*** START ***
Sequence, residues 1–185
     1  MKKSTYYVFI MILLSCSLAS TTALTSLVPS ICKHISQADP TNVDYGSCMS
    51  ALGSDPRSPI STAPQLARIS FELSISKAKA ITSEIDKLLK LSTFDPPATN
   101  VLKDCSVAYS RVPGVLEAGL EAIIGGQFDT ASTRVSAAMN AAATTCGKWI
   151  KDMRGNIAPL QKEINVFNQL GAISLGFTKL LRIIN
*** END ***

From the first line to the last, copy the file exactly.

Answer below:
Sequence, residues 1–185
     1  MKKSTYYVFI MILLSCSLAS TTALTSLVPS ICKHISQADP TNVDYGSCMS
    51  ALGSDPRSPI STAPQLARIS FELSISKAKA ITSEIDKLLK LSTFDPPATN
   101  VLKDCSVAYS RVPGVLEAGL EAIIGGQFDT ASTRVSAAMN AAATTCGKWI
   151  KDMRGNIAPL QKEINVFNQL GAISLGFTKL LRIIN